I read my colleague Jay’s very interesting article dissecting the potential impact of retail giants vying to become players in the healthcare industry, and felt compelled to provide a counterpoint to add fuel to fire.  

Four years ago I came into healthcare from the hi-tech industry. It was not the ~$4T size of the market that brought me here, but an opportunity to use my expertise to effect change for the better. Having experienced healthcare systems in 3 different countries, including 5 years in Canada, I became very concerned about the ever-escalating premiums, the variant quality of service between insurers and between providers. And perhaps most of all, about my and my family’s well being tied up to the benefits of a corporation. Disturbing at the very least, if not outright alarming. So why not do something about it, contribute to making it better?  

Thus I joined forces with a new wave of healthcare outsiders, seasoned executives and professionals who seek to improve the healthcare system by bringing in external industry knowledge and applying it to bring forth innovation. As many experienced before me, it’s not that easy.

As the above mentioned article points out, there are three concepts key to understanding the larger picture and why it isn’t as easy — disruption, complexity, and care focused on the individual.

Within the industry many use the word disruption as a synonym of change. As there is bigger change, and lesser change, then there is more disruption and less disruption — indeed there appears to be fifty shades of disruption. It’s a practical view that reflects the industry’s continuing churn to adapt to regulation, trends and new technologies, and their clash with long established legacy. But is this really disruption?  

Disruption with capital “D” is a complete and immediate change of the status quo, where business as usual ceases to exist or changes so dramatically that all that happens thereafter is either a race to adapt and survive, or a falling victim to disruption.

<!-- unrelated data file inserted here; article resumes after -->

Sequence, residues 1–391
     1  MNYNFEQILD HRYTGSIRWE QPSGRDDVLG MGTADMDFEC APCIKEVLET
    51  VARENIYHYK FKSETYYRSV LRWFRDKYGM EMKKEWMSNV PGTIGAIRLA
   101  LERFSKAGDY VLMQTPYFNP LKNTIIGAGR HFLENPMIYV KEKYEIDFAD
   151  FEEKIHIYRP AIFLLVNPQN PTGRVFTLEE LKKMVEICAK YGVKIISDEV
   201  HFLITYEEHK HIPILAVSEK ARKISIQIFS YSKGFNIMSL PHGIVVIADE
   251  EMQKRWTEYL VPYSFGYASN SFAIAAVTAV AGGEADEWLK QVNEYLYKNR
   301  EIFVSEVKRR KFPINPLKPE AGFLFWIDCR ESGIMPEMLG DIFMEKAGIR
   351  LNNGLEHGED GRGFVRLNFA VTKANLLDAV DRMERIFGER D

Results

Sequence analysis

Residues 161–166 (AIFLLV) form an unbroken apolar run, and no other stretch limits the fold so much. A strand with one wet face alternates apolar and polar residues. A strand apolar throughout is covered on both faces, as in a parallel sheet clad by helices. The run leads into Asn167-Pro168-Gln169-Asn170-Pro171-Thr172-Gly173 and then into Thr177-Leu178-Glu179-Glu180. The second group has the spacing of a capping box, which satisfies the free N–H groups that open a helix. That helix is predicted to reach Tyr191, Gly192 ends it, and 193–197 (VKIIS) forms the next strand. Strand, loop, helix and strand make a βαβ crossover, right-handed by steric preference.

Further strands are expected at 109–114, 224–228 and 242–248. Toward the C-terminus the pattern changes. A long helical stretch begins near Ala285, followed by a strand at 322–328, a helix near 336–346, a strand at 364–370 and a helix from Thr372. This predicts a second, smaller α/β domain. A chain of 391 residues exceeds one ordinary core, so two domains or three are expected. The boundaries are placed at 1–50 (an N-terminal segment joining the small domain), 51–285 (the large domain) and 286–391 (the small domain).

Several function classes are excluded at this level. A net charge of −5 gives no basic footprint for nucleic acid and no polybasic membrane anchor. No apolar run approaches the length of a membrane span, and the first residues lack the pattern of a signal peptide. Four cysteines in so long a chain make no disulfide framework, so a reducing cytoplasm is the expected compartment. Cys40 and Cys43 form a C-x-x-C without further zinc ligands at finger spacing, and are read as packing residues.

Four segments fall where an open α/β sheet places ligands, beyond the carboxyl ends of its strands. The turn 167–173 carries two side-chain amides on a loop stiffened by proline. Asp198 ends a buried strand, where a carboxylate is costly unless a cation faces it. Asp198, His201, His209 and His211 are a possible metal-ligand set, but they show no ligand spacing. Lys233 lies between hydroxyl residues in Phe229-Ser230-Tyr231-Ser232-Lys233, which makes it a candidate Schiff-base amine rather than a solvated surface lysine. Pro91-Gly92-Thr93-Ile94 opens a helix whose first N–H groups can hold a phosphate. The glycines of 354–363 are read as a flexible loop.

True disruption is created by the convergence of innovations coming from multiple (sometimes differing) areas, fueled by market forces, which are harnessed into a new method to deliver value to an avid marketplace that can instantly recognize it… therefore rendering the old method instantly obsolete. 

Who discerns disruption? Those who can recognize the convergence of key innovations and forces within a short window of time ahead of their convergence . Who disrupts? Those who can discern and then integrate convergent innovations into a novel and useful method of delivery with undeniable value.

As Jay rightly pointed out, major disruption in healthcare would come from shifting our care focus from product to person. But he also alluded to the ever-changing health state of an individual as the stumbling block for those who are product oriented. Retail giants are product-centric, providing consistent value thanks to tech-efficient services – people change, tech efficiency requires consistency, or so the argument goes. This “complexity” and the giant retailer capability to navigate said complexity could be the big stumbling block for real disruption.  

It has been my experience that the healthcare marketplace lacks the market pressures that would naturally shape and evolve most other markets. It has also been my impression that by declaring itself as “too complex” – while true at some level – the healthcare industry has found a way of defending itself from true disruption. No typical market forces, high complexity – that spells doom for anyone holding any aspiration to innovate, and so business as usual is perpetuated.  

So what is the basis for complexity? The ever-changing nature of an individual, or the many perhaps unnecessary and costly steps in the current methods to get to a point of individual care delivery?  

True disruption will only happen when focus shifts to the individual, natural market forces are allowed, and the many unnecessary steps that preclude such focus from occurring, eliminated. 

Is disruption what we have in front of us with the giant retailers? I don’t believe so. Feels more like natural market competition. Maybe we’re asking the wrong question by wondering if retail giants will disrupt, could be just plain old competition. And yet outsider competition is a new element in healthcare. 

Maybe the right question is this: Are we witnessing the birth of true market forces in healthcare?

And that folks, would be a major step forward towards true disruption.